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Constituting America Founder & Co-President Actress Janine Turner

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Constituting America first published this message from Founder & Co-President Janine Turner over Memorial Day Weekend, 2010, the inaugural year of our organization.  We are pleased to share it with you again, as we celebrate our 10th birthday!  

On this Memorial Day weekend, I think it is appropriate to truly contemplate and think about the soldiers and families who have sacrificed their lives and loved ones, and given their time and dedication to our country.

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Constituting America first published this message from Founder & Co-Chair Janine Turner over Memorial Day Weekend, 2010, the inaugural year of our organization.  We are pleased to share it with you again, as we celebrate our 6th birthday!  

On this Memorial Day weekend, I think it is appropriate to truly contemplate and think about the soldiers and families who have sacrificed their lives and loved ones, and given their time and dedication to our country.

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Guest Essayist: Juliette Turner

 

Harry S. Truman: Thirty-Third President of the United States

Nickname: The High-Tax Harry

Terms in Office: 1945-1949; 1949-1953

Fast Stats

  • Born May 8, 1884, in Lamar, Missouri
  • Parents: John Anderson and Martha Ellen Young Truman
  • Died December 26, 1972, in Kansas City, Missouri; age 88
  • Age upon Start of First Term: 60; Age upon Conclusion of First Term: 64
  • Age upon Start of Second Term: 64; Age upon Conclusion of Second Term: 68
  • Religious Affiliation: Baptist
  • Political Party: Democrat
  • Height: 5 feet 9 inches
  • Vice President: none (1945-1949) and Alben W. Barkley (1949-1953)

Bottom Line:

Harry Truman assumed the presidency in 1945 after the death of Franklin Roosevelt. As president, he oversaw the conclusion of both the European and the Pacific front in World War II. Truman won a surprise second term, during which time he worked to stabilize the American economy to prevent a second depression and organized the American invasion of Korea during the Korean War.

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Guest Essayist: Tony Williams

 

In 1932, the U.S. economy reached its nadir during the Great Depression.  Unemployment had risen to more than 20 percent, or 11 million Americans, matched by a similar number of the underemployed as factories and businesses closed their doors.  Banks were closing at an alarming rates as people instantly lost their life savings.  Hundreds of thousands of farmers and urban dwellers alike were suffering forecloses and lost their homes.  Breadlines were long and strained the resources of private charities and local governments.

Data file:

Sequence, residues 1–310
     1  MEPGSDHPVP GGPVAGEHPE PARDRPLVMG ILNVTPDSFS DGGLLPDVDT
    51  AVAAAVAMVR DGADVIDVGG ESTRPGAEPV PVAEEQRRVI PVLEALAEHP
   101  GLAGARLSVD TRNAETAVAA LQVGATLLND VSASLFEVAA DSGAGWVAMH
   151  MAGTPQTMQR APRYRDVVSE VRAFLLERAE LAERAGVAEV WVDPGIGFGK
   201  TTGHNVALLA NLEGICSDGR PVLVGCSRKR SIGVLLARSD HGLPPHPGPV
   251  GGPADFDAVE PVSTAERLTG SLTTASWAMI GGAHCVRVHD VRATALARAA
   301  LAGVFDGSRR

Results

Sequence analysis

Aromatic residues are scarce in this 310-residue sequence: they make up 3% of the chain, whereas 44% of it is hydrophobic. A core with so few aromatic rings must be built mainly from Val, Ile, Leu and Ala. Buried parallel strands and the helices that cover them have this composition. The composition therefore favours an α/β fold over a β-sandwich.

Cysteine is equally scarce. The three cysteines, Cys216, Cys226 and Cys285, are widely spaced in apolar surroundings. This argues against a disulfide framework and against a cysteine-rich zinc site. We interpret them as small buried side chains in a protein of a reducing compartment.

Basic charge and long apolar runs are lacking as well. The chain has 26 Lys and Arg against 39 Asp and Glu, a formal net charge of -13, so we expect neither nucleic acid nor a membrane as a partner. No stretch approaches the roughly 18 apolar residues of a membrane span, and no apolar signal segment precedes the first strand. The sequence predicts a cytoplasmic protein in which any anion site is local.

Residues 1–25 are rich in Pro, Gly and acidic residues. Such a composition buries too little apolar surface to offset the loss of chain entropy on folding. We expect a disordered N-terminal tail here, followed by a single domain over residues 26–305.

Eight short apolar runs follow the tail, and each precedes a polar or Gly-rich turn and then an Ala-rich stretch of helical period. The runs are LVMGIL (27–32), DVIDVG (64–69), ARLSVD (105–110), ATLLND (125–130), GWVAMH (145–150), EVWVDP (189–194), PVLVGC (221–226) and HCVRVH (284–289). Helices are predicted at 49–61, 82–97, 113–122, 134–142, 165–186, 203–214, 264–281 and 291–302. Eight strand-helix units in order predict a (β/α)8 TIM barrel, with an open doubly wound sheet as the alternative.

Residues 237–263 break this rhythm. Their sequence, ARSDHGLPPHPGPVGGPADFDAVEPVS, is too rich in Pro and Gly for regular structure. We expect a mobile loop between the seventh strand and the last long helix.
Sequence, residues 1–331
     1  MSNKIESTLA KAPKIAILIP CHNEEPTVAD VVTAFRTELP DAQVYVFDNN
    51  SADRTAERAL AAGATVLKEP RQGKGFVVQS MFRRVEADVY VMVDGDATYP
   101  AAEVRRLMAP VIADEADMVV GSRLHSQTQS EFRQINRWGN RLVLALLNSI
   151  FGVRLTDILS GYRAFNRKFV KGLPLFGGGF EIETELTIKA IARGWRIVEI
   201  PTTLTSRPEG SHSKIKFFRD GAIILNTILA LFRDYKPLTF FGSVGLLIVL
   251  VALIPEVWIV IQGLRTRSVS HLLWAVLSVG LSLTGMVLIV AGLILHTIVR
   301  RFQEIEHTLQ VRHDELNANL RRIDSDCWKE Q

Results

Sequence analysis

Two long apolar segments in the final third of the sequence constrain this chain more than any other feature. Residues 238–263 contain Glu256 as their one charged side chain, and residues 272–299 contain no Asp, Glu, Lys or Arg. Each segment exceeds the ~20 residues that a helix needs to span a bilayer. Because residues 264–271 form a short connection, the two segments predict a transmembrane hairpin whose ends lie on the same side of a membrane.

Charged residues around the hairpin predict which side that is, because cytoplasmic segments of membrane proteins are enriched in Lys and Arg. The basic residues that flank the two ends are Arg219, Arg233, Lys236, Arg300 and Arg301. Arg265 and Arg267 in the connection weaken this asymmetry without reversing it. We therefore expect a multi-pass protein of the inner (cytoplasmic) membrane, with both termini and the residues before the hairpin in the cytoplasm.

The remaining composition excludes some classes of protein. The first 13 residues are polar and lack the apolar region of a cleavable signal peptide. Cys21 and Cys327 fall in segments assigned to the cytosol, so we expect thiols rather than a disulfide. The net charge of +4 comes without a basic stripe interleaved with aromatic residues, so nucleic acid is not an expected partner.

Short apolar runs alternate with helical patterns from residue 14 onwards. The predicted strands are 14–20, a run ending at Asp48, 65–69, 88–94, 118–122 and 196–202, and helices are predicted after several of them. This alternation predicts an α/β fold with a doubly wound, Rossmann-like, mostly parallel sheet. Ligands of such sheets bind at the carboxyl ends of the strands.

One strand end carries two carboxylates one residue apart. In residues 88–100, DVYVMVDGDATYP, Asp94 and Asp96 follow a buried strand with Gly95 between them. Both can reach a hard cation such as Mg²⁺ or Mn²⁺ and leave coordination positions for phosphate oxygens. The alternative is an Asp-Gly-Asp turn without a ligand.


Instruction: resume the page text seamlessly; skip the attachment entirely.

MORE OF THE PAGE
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Guest Essayist: Daniel A. Cotter

 

The 1932 Presidential election took place during the height of the Great Depression.  While a number of candidates ran on third party tickets, the main fight for the White House featured the incumbent Republican Herbert Hoover against Democrat Franklin Delano Roosevelt and none of the other candidates garnered more than 2% of the popular vote.  Hoover had won the presidential election in 1928 on a pro-business platform promising continued prosperity.  Nine months into Hoover’s term, on October 24, 1929, the stock market crashed, beginning the period that would become known as the Great Depression.  The challenges created by the downward economic spiral consumed Hoover’s term and were a main focus of the 1932 presidential election.

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Guest Essayist: Juliette Turner

 

Thirty-First President of the United States

Nickname: The Great Humanitarian

Terms in Office: 1929-1933

Fast Stats

  • Born August 10, 1874, in West Branch, Iowa
  • Parents: Jesse Clark and Hulda Randall Minthorn Hoover
  • Died October 20, 1964, in New York City, New York; age 90
  • Age upon Start of Term: 54, Age upon Conclusion of Term: 58
  • Religious Affiliation: Society of Friends (Quaker)
  • Political Party: Republican
  • Height: 6 Feet
  • Vice President: Charles Curtis

The Bottom Line

Herbert Hoover served one term, during which he struggled to combat the Great Depression that began the first year he was in office.

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Guest Essayist: Daniel A. Cotter

 

The Election of 1920: The Sedition Act, Eugene Debs, and the “Red Scare”

Eugene V. Debs was a founding member of the Industrial Workers of the World and a frequent Presidential candidate for the Socialist Party of America.  Debs became a well-known socialist both through his political activity and as a result of the government’s criminal prosecution of his activities.  Other essays in this series cover the numerous Presidential elections in which Debs ran, as well as the other candidates in the 1920 Presidential election. This essay focuses on the Sedition Act of 1918, Debs, and the “Red Scare.”

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